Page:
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What We’ll Cover Today Qualified Energy Conservation Bonds – Overview

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Presentation on theme: "What We’ll Cover Today Qualified Energy Conservation Bonds – Overview"— Presentation transcript:

1 Targeting and Winning with Qualified Energy Conservation Bonds ARRA Sales Training January 4, 2010

2 What We’ll Cover Today Qualified Energy Conservation Bonds – Overview
Why Drive QECB’s Selling Features – QECB’s How are QECB’s allocated State’s allocations (Top 25) Targeting Example – Virginia focus Highlights: Rates & Terms, Security & Structure Sales Strategy Energy Conservation Projects Green Community Program QECB Challenges Genesee County – Voice of the Customer Successful Implementation – Abundant Power Solutions Questions & Wrap Up Johnson Controls

3 Qualified Energy Conservation Bonds – Overview
The Energy Improvement and Extension Act of 2008: Authorized the issuance of Qualified Energy Conservation Bonds (QECBs)-initial limit $800 million The American Recovery and Reinvestment Act of 2009: Expanded the allowable bond volume to $3.2 billion H.R (2010): Introduced an option to recoup part of the interest issuers pay on QECBs through a direct subsidy (like that for Build America Bonds) from the Department of Treasury rather than a tax credit QECB Background Qualified Energy Conservation Bonds (QECBs) may be issued by state, local and tribal governments to finance qualified energy conservation projects. A minimum of 70% of a state’s allocation must be used for governmental purposes, and the remainder may be used to finance private activity projects. Qualified projects are defined broadly. Examples of qualified projects include energy efficiency capital expenditures in public buildings, green communities, renewable energy production, various research and development, efficiency/energy reduction measures for mass transit, and energy efficiency education campaigns.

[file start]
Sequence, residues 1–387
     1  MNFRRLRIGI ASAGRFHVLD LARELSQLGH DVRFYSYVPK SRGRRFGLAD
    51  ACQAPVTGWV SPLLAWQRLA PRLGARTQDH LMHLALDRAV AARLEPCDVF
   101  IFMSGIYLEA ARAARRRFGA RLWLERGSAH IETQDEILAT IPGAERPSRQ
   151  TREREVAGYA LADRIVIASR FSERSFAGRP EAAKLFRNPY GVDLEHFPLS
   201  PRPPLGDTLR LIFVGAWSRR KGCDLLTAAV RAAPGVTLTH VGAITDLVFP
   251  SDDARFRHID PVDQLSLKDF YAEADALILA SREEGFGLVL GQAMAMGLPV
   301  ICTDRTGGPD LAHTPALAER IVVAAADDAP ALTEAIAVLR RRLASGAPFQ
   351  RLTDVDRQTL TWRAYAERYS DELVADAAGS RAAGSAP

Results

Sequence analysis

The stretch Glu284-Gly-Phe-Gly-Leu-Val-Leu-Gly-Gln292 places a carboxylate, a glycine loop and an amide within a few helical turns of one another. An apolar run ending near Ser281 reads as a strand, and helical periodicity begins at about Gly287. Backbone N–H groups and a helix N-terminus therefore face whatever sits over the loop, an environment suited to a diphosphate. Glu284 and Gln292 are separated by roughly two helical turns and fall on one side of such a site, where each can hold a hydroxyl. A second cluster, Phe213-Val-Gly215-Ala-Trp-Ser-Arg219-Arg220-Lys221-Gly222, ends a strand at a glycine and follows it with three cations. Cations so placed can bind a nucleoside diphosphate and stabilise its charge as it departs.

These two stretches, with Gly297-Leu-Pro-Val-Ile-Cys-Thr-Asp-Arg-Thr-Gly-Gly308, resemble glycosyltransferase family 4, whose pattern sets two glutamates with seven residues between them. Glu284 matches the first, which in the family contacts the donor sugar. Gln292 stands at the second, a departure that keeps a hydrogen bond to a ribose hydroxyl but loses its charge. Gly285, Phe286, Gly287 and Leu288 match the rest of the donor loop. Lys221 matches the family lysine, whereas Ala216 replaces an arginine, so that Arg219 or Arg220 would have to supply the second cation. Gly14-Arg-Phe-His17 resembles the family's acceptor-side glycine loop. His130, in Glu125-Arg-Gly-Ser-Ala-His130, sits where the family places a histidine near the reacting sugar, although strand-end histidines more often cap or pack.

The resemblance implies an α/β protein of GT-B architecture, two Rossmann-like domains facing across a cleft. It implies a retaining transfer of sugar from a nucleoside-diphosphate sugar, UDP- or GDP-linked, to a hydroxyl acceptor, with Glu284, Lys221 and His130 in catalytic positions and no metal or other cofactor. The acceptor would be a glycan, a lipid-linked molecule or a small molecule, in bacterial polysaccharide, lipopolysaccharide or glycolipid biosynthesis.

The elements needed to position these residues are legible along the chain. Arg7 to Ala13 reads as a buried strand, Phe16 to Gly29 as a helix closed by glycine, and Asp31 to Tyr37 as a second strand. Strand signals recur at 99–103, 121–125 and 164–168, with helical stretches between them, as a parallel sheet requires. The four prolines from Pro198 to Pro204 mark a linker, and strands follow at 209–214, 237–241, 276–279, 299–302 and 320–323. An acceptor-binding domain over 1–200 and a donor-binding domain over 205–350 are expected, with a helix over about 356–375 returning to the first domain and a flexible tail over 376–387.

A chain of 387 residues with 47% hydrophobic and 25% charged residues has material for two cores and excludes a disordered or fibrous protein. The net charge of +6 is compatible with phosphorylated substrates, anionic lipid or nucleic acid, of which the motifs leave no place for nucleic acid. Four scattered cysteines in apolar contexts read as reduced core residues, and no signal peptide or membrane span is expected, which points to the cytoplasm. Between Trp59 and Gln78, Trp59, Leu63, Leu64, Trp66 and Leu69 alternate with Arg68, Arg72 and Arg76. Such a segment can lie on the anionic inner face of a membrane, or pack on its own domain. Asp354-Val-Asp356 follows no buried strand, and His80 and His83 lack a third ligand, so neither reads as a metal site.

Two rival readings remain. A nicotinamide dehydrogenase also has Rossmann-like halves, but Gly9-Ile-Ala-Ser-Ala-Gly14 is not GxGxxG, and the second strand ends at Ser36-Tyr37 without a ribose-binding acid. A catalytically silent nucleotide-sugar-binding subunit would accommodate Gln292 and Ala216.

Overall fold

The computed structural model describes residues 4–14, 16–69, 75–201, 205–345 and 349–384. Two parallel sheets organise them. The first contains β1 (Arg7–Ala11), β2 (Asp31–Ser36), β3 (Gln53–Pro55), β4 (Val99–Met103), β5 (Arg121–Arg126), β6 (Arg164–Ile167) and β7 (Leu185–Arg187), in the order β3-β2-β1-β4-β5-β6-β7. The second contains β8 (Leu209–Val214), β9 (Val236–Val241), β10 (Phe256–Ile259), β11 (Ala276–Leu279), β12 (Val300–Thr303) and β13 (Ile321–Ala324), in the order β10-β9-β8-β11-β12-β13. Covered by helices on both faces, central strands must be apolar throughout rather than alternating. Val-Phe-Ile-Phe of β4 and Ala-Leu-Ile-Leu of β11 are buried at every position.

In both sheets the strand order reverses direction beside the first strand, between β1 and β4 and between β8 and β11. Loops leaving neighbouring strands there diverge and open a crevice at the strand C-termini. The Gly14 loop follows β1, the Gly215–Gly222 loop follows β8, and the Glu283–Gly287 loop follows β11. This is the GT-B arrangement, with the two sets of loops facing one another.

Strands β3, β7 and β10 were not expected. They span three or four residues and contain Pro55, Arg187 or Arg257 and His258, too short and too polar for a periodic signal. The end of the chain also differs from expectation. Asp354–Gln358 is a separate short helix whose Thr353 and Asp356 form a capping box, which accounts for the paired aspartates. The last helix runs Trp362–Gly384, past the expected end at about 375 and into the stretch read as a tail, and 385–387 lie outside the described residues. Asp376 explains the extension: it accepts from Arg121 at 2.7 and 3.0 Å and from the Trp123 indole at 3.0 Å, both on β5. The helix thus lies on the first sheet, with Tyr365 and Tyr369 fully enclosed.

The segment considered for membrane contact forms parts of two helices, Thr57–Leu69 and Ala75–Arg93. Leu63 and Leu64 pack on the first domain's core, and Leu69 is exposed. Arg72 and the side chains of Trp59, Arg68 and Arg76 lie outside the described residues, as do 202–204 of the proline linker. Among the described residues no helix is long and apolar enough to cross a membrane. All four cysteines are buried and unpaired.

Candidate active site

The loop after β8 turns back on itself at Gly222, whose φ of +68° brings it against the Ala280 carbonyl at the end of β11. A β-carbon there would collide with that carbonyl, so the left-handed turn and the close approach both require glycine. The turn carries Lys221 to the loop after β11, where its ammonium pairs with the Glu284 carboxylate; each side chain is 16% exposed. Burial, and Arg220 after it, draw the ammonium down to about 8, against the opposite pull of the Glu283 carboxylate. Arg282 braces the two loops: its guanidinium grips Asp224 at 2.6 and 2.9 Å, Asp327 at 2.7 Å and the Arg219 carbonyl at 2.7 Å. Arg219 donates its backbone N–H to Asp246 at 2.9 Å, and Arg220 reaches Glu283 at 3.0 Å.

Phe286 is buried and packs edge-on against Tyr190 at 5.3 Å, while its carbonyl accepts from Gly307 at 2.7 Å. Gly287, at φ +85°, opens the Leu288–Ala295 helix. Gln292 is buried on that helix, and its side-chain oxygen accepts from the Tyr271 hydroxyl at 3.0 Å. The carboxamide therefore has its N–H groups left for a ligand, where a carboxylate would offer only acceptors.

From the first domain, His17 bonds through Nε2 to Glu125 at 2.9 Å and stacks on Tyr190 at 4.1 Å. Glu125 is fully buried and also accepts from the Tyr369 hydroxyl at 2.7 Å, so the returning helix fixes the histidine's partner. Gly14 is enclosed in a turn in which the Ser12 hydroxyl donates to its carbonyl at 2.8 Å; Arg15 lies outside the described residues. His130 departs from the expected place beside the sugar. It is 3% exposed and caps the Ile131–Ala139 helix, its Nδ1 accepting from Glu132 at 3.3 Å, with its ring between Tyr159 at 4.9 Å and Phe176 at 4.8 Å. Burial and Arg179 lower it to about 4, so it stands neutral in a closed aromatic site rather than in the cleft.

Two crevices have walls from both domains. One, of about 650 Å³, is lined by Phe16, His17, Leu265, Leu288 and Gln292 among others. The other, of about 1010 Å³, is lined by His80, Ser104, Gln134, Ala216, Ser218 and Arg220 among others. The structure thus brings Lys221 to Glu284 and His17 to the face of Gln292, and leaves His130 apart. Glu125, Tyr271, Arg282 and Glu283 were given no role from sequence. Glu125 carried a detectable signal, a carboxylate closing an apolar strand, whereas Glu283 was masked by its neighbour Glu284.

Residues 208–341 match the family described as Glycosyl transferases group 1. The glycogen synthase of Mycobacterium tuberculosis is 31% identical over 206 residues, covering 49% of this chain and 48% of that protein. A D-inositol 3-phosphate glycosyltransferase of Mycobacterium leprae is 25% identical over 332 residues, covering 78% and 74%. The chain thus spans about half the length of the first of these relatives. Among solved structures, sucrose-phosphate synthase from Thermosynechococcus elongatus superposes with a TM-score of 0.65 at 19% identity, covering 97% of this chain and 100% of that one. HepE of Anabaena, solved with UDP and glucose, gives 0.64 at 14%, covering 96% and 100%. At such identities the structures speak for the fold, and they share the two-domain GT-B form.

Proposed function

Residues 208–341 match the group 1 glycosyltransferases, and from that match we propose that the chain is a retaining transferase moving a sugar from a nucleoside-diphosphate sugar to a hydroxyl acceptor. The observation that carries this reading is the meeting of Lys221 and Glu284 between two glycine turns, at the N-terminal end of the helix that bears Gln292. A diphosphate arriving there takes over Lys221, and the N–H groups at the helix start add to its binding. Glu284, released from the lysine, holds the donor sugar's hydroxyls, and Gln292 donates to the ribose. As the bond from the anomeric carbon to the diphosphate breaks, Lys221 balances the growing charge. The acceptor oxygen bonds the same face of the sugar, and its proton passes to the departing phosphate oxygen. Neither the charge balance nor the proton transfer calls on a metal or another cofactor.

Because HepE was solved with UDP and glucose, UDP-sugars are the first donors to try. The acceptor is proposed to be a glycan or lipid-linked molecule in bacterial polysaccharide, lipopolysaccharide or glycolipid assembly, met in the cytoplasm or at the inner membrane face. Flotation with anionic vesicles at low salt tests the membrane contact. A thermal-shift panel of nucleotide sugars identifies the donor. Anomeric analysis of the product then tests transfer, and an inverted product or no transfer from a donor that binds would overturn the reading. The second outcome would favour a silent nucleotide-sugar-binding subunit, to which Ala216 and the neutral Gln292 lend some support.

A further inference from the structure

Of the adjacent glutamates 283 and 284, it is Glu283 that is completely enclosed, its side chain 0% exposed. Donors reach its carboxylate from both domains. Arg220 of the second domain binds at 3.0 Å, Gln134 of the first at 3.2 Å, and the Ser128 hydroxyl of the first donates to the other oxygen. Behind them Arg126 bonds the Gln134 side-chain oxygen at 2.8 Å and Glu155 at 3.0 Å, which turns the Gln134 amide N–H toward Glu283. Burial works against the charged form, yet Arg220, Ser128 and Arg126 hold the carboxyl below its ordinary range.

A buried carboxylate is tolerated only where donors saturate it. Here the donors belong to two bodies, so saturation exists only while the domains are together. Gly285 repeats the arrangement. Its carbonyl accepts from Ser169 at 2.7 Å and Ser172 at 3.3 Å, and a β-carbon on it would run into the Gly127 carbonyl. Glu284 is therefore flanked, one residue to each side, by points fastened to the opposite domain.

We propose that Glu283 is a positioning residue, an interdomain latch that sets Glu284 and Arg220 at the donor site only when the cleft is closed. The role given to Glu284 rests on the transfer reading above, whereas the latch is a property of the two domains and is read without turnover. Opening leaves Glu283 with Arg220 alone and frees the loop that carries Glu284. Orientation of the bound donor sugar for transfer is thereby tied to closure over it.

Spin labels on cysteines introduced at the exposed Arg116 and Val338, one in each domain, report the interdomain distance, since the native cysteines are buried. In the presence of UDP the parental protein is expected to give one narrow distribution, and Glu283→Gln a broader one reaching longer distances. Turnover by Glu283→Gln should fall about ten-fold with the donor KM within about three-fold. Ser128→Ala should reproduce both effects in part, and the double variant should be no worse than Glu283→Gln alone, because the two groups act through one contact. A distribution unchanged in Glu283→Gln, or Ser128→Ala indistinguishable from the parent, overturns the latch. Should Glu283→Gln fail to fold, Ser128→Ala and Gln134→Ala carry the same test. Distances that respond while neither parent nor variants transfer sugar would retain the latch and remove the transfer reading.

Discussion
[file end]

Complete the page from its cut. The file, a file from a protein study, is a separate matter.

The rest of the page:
4 Why Drive QECB They represent an incredibly cheap form of borrowing. QECBs reduce the issuers borrowing cost near state, local, and travel governments. They allow state, local, and travel governments to issue bonds and then to fund qualified energy conservation projects. QECB issuer pays an investor a taxable coupon to borrow money and then receives a direct cash rebate from the US Treasury. The Recovery Act expanded the allowable bond volume to 3.2 billion - and then the real game-changer was that HR 2847 in 2010 introduced an option to recoup part of the interest issuers pay on QECBs through a direct cash subsidy. Like the Build America Bonds, QECB are effectively the same mechanism. This is a game-changer in the sense that it allows QECB government issuers to take advantage of the much larger taxable bond market. Issued as a revenue bonds, the bond would be supported by specific revenue streams (energy efficiency program). The repayments on that loan program would actually provide security to the bond investor

5 How are QECB Allocated The U.S. Treasury allocated $3.2 billion of QECB issuance capacity to State Treasurers based on population Each State was required to allocate issuance capacity to municipalities with populations >100,000 based on the municipality’s percentage of total state population –Example: If a municipality has 150,000 residents and the state has 1.5 million residents, the State must allocate 10% of its QECB issuance capacity to the municipality –If the municipality does not intend to issue QECBs, it may reallocate its issuance capacity back to the State Processes for notifying State authorities of intention to issue QECBs (and deadlines for doing so) vary

6 QECB Allocations State or Territory QECB Allocation Total Allocation